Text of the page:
My Journey with Parkinson’s … A Natural Approach: Post 55 … I stopped believing in the tooth fairy!

tooth fairyI stopped believing in the tooth fairy! I also stopped believing in Santa Claus and the Easter Bunny, but I never stopped believing that I was a coward. Nor did I stop believing that I was inferior, inadequate and helpless, and consequently, I never let go of the anger or the fear!

I stopped believing in the tooth fairy et al [I can still remember quite vividly the moment I found out about Santa at seven years of age] because somebody told me the truth … that they weren’t real. I don’t recall being traumatized by this realization. It was more like, this is the way it is and I just accepted it! But nobody told me that I wasn’t a coward, so the little boy inside of me kept believing it.

The young mind of a child believes anything his parents tell him. He believes that tooth fairies exist. His mind hasn’t developed to the point where he can discern the difference between fantasy and truth. And so, when he is told that he is a bad boy he believes it. He also believes, perhaps on his own accord, that when he is afraid to stand up for himself, he is a coward.

Imagine the things a child might hear when he or she is growing up, “Don’t be so stupid!” “You make me so mad that I want to thrash you!” “How could you be such a god damn idiot?” Idiot! Stupid! Bad boy! These are devastating to a child’s fragile psyche, and if the child is capable of believing in the tooth fairy, the child is more than capable of believing that he really is an idiot or a bad boy and this sets the tone for a life long pattern of debilitating beliefs, self destructive behaviors and disease.

Imagine again, how differently the child’s life would have been if his parents had said at some point, ” By the way, all those things we said to you, that you are bad boy and stuff, well they weren’t true. We said them because we were angry and because we didn’t feel good about ourselves. We’re really sorry and we hope you will forgive us. You really are a good boy!” The child’s life, or should I say, the adult’s life, would likely have been quite different.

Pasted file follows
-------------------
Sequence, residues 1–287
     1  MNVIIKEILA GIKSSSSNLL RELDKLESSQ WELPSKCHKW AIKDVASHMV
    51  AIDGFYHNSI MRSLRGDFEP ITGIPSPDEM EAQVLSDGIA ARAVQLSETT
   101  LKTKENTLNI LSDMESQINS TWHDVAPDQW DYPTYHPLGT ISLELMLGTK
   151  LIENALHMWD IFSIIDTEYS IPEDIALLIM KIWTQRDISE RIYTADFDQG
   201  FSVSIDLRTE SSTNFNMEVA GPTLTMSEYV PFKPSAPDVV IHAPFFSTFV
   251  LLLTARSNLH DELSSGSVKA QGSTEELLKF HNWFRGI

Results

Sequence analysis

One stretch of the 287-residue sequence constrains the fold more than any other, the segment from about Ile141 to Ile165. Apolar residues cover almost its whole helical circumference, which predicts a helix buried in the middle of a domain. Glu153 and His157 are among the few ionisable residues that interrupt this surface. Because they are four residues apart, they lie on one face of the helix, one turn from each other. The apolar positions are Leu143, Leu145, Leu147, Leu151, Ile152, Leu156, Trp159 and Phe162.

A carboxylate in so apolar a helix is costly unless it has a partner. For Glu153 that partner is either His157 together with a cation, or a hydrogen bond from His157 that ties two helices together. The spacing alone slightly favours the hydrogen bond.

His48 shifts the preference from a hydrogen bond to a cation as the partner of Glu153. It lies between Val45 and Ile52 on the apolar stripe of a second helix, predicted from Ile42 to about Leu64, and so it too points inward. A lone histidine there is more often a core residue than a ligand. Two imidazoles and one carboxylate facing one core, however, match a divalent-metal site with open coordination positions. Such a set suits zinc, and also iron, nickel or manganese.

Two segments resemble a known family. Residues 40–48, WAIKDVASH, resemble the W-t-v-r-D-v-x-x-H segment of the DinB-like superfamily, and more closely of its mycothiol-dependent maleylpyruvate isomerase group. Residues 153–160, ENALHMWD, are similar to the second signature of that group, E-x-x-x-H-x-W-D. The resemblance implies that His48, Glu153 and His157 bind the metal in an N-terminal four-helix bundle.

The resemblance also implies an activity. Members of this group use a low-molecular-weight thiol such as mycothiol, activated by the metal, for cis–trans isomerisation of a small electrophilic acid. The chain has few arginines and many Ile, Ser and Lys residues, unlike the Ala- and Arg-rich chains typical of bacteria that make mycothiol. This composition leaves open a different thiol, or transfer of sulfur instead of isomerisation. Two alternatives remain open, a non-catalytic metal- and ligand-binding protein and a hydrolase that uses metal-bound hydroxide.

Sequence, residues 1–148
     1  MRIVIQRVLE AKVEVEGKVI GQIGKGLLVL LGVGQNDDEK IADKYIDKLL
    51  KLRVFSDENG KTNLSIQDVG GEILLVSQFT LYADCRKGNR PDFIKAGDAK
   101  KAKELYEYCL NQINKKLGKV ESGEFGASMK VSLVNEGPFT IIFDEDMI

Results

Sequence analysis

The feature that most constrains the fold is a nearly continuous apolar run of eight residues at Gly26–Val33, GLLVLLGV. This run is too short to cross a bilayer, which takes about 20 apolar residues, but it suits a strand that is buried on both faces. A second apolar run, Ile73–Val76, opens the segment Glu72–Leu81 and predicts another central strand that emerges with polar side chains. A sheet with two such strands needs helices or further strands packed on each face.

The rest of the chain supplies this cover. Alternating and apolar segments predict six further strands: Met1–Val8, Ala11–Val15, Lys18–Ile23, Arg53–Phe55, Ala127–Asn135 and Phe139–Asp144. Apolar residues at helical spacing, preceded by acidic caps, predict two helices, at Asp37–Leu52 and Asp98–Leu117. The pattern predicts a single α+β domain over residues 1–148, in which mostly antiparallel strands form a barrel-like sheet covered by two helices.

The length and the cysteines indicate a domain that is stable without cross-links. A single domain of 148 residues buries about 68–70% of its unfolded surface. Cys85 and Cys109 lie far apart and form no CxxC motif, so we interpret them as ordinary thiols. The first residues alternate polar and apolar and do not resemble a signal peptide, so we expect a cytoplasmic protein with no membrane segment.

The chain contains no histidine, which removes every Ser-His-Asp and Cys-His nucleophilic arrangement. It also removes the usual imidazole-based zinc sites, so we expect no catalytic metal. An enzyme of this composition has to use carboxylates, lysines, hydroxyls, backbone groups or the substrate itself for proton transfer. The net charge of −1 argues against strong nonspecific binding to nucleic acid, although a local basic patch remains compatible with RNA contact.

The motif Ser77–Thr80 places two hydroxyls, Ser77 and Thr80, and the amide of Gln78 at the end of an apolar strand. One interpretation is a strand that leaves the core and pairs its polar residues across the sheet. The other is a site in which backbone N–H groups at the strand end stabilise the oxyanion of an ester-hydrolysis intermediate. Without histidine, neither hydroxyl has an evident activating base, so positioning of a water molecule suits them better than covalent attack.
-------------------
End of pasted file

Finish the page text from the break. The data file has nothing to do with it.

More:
But here’s the thing, it still can be different. Just like we changed our beliefs about Santa when we learned the truth, we can change our beliefs about ourselves, because we’re not a coward and we’re not inferior or inadequate.

Beliefs are just thoughts and thoughts aren’t real. You can’t touch them or feel them. Thoughts can change [we used to think that the earth was flat but now we know that it is round. We also used to think the Easter Bunny was real!]. In order to change a thought we simply need a new thought and a reason to believe it. So what can we do to change how we think of ourselves? What can we do, for instance, to stop thinking [stop believing] that we are a coward?

You can start by saying to yourself that you are the opposite of what you’ve always believed. You can use positive affirmations to tell yourself, “I am courageous. I’m a good person. I always do my best.” Repeat this over and over until you believe it. You can remind yourself that the things you were told simply aren’t true.  They were someone else’s idea born from that person’s own lack of self worth.

It might also be necessary to see a therapist, particularly someone who can help you with inner child meditations and healings. Inner child healings are based on the idea that when we experience a childhood trauma, the child gets locked in that trauma until they are able to resolve the experience and let go of the emotional pain.

You can also change your experience through an understanding of the truths of our existence. That we are not simply human beings, but rather, we are spiritual beings having a human experience. We are pure beings of light. We are divine love! All the things we believe about our human existence [including concepts like cowardice] are as Eckhart Tolle would say, are ‘identification with form.’ We don’t know that we are spiritual beings because we don’t learn this as children and so we willingly believe everything we are told, particularly what we’re told by our parents, because to a young child, mom and dad are God and what they say is gospel.

If we knew that we are divine spiritual beings, connected to God, we would never believe that we could be a coward.  Nor would we believe in inadequacy or inferiority.  We would understand that we’re all equal [I think it would really be helpful if we taught this in school] and we would understand that the idea of cowardice is a mental construct created by humans [animals don’t think in terms of cowardice …  they just live].

Whichever approach you choose, give it time. Healing is a process and we each heal at our own pace. Just trust that you’re on the right path.

Have an awesomely courageous day!

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2 comments on “My Journey with Parkinson’s … A Natural Approach: Post 55 … I stopped believing in the tooth fairy!

  1. Fred – Wow! Such courage amidst the peace you describe in your journey which is anything but calm sailing. Really grabbed me. Good work. Travel well this week. Dan

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